Articles Tagged with L.A. marijuana business lawyer

Would cannabis by any other name be quite as sweet? Well… yeah, if the folks at Mendocino Appellations Project  (MAP) are correct. California marijuana grower attorneys recognize that such branding could help otherwise struggling marijuana cultivation operations in the state seize their stake. California marijuana grower attorney

Think about champagne. Yes, it is an alcoholic drink. It’s also a grape-growing region in France. If you want to call a liquid beverage “champagne,” law requires that you must grow it in certain parts of France and only in accordance with very specific guidelines that cover everything from planting to pressing to packaging. That’s what allows sellers to charge top dollar for it.

So what does that mean for marijuana growers in California? Many were among the first in the U.S. to practice and perfect careful cultivation techniques when the drug first became legal for medicinal purposes. And unfortunately, while legalizing bud has been boom for consumers, it’s been a bust for growers. It has meant a near-crushing amount of oversight and safety testing. A virtual mountain of regulation, cannabis cultivators are finding that the laws meant to protect the consumer and the environment are being largely placed on their shoulders. Continue reading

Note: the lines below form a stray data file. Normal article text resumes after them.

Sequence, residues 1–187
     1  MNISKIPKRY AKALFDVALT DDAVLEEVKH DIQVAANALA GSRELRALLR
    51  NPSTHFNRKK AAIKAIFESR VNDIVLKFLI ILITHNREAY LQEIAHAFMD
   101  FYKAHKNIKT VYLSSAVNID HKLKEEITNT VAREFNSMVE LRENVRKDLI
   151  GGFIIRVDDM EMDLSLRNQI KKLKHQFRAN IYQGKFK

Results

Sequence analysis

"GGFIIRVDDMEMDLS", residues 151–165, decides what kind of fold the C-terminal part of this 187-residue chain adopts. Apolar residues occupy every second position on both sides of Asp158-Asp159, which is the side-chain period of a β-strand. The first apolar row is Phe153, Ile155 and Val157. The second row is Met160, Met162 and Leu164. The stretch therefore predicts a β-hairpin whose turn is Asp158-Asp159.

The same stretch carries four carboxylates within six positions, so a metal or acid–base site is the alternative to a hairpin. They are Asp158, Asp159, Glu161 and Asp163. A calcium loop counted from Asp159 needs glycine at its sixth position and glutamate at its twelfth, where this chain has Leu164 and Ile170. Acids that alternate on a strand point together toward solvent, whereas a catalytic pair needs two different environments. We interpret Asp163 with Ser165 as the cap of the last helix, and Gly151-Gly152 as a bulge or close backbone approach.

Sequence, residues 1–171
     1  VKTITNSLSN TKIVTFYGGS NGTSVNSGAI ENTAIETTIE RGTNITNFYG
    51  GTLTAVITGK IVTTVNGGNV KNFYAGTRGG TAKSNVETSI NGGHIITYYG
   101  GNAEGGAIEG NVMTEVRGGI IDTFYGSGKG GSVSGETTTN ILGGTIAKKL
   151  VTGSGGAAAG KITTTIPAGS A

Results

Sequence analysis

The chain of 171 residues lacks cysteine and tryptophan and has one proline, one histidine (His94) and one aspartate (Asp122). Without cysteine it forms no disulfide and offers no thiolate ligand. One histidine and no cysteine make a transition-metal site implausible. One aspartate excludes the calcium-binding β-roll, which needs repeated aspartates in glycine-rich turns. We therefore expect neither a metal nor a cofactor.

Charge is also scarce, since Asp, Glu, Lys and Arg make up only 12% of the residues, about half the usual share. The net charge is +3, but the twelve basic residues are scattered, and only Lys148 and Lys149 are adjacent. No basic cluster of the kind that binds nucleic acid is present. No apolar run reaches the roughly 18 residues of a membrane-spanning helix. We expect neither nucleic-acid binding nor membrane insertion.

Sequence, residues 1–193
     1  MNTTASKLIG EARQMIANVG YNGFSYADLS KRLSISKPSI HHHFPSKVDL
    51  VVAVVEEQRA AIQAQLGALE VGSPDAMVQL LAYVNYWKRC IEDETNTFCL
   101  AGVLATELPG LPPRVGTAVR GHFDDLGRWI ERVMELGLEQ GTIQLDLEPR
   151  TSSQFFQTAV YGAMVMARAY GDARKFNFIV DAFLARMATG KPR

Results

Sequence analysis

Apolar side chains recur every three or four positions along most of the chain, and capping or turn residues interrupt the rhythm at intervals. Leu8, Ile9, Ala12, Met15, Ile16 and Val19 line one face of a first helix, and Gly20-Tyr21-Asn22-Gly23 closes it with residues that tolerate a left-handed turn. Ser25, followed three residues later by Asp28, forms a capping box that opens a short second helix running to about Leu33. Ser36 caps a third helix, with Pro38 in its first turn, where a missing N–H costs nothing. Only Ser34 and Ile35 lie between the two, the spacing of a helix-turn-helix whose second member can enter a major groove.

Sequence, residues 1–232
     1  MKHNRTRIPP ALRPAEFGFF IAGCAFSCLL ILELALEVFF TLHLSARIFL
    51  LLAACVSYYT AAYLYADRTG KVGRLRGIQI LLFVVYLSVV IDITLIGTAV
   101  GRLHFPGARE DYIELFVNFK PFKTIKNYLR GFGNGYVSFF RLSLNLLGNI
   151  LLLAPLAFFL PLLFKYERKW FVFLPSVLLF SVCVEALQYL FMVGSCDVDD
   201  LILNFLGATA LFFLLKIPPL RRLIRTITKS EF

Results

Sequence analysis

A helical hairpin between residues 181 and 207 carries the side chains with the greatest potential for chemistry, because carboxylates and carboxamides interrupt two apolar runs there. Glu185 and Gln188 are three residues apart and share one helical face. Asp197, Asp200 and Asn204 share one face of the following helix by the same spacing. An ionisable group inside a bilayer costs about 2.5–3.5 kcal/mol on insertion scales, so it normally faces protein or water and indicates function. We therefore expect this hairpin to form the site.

A major part of the work our legal team is involved with includes helping marijuana businesses establish themselvescannabis business while remaining in compliance with local and state regulations and laws. What happens, though, when a company is found to be in violation of one of those rules? Many businesses are beginning to find out as authorities ramp up efforts to wrangle illegal, unlicensed, and non-compliant marijuana operations in California. Recently more than 500 people were charged with misdemeanors in Los Angeles for their participation in illegal activity at 105 marijuana businesses in the city.

Those charged could face up to six months in jail and a $1,000 in fines for operating marijuana businesses without a license. The crackdown included not only dispensaries, but also extraction labs, cultivation sites, and delivery services, according to Los Angeles Times. Judges have been hearing cases associated with this series of investigations since May, and arraignments will carry into the end of October. So far, 21 have pleaded no contest or guilty and 11 have been dismissed. Other violations included not following security locations or not following rules regarding the business’s location, such as being too close to a school. With the proper future licensing and guidance, some of these businesses could still have a future, but major infractions like location will mean some will have to practically start over from scratch if they hope to continue in the industry.